AMSTERDAM _ In 2018, the Port of Amsterdam invested €50 million to attract companies in circular, renewable and other sectors not usually associated with a commercial harbor. Like, superyacht building.In its annual report, Amsterdam’s port authority says becoming “a yacht building center” is part of a strategy to lure new industries to the waters outside the Dutch capital.
In May, Feadship opened the world’s most eco-friendly superyacht a yard, after 5 years of planning, design and construction. Feadship can build yachts there to 160m (525ft). Royal Huisman has followed suit, settling into 3 halls.
The port’s 2018 annual report reveals sunny financials: a net profit of €68.5 million (+ 12.5% from 2017) and a 5% hike in revenues (to €157.4 million), mostly the result of higher harbor duties and leasing more land to non-traditional companies.
The port authority speaks of “pivotal” times in which traditional shipbuilding yards are fading.
In 2015, Feadship asked the port about space with good access to the North Sea, only 20 kms (13 mi) away for its deliveries and sea trials. Building bigger yachts means Feadship needed an alternative to the millimeter work of maneuvering large yachts through narrow Dutch canals and town centers.”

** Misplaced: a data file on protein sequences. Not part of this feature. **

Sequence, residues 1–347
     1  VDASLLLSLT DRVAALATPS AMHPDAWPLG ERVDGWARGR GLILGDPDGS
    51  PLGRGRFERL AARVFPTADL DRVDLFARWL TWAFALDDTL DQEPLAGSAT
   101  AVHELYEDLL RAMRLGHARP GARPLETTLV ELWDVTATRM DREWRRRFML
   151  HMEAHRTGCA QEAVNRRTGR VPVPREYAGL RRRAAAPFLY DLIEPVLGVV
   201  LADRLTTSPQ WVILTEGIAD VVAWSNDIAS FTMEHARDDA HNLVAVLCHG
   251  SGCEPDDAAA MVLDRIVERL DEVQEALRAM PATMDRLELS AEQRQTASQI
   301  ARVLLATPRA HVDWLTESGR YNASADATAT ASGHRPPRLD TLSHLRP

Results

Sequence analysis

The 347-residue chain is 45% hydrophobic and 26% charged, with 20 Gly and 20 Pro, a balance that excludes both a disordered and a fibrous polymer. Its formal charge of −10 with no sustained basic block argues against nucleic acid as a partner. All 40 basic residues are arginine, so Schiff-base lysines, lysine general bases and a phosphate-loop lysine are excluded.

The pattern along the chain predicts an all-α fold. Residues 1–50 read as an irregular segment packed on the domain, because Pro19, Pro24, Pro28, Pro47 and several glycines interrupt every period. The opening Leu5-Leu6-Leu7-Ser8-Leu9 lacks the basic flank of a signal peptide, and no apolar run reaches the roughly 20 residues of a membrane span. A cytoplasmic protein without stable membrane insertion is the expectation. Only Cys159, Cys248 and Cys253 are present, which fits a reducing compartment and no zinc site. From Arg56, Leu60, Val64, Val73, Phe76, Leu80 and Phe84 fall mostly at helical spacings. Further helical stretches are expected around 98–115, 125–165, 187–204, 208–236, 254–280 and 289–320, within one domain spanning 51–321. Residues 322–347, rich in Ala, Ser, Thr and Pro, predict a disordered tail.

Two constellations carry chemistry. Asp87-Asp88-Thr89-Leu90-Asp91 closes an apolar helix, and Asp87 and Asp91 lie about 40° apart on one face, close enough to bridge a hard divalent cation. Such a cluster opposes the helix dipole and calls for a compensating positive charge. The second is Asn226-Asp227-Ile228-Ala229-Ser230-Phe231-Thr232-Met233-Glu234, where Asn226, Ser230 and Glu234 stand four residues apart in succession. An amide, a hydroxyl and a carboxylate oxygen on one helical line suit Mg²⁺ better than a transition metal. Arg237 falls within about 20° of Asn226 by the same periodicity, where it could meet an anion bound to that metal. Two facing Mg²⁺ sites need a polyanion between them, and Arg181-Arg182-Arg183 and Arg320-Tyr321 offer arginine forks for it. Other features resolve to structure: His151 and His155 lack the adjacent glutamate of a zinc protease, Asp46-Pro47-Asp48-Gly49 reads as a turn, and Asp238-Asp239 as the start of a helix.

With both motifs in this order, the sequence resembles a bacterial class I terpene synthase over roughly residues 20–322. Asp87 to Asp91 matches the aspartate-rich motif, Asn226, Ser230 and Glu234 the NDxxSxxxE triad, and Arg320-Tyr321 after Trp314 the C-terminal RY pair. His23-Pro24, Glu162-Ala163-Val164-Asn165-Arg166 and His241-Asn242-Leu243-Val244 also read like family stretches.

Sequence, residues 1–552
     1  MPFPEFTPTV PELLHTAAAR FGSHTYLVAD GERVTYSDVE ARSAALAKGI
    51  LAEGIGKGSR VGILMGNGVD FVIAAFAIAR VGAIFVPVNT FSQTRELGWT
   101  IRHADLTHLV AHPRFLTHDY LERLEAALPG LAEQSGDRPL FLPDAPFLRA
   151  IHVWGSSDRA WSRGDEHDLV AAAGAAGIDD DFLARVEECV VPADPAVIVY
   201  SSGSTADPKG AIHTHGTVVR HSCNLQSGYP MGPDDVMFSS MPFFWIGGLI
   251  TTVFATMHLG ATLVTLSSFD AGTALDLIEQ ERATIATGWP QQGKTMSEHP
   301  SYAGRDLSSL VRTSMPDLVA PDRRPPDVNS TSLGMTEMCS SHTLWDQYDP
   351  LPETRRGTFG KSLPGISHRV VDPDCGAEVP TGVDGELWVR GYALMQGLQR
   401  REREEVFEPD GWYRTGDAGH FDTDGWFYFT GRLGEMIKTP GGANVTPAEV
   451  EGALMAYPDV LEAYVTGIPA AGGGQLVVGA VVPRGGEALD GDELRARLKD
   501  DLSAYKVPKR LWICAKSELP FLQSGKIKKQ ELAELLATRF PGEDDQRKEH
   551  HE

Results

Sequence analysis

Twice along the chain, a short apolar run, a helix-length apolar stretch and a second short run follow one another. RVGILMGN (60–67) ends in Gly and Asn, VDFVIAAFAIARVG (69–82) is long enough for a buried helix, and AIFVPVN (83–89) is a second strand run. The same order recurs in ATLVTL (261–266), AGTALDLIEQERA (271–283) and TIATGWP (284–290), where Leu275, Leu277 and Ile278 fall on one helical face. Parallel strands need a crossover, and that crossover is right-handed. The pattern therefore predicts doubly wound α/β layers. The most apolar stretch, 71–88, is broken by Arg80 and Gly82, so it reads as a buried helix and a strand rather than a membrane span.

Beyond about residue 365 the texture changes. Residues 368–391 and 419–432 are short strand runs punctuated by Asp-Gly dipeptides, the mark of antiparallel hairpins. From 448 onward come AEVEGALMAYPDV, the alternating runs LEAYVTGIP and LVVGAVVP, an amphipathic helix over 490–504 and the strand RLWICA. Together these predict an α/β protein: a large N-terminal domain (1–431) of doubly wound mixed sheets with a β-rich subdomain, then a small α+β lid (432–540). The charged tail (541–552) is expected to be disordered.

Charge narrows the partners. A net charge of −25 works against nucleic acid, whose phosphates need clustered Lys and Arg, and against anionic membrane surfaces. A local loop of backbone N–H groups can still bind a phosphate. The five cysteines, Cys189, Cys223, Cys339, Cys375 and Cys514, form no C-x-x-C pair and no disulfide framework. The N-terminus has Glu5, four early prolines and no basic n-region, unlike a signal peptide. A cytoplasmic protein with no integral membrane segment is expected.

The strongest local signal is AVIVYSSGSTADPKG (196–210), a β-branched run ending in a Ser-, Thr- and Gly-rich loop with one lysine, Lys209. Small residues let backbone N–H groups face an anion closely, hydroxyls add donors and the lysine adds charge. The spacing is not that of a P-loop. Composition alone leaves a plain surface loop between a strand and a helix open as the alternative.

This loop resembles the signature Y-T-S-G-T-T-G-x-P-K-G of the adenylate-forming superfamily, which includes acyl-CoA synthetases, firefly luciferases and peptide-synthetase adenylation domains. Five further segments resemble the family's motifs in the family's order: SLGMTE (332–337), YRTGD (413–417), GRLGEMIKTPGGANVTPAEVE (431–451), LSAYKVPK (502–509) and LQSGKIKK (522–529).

The request proved a catalyst. It has fed the Port of Amsterdam’s drive to get involved with the superyacht business, until then unknown territory.
The port has had intensive conversations with Dutch builders and suppliers and their trade lobby, the HISWA Holland Yachting Group. The outcome has been a joint effort to promote Amsterdam as a yacht building center and a stopover on a northwest European support yacht route. The Port of Hamburg has signaled its participation in the latter.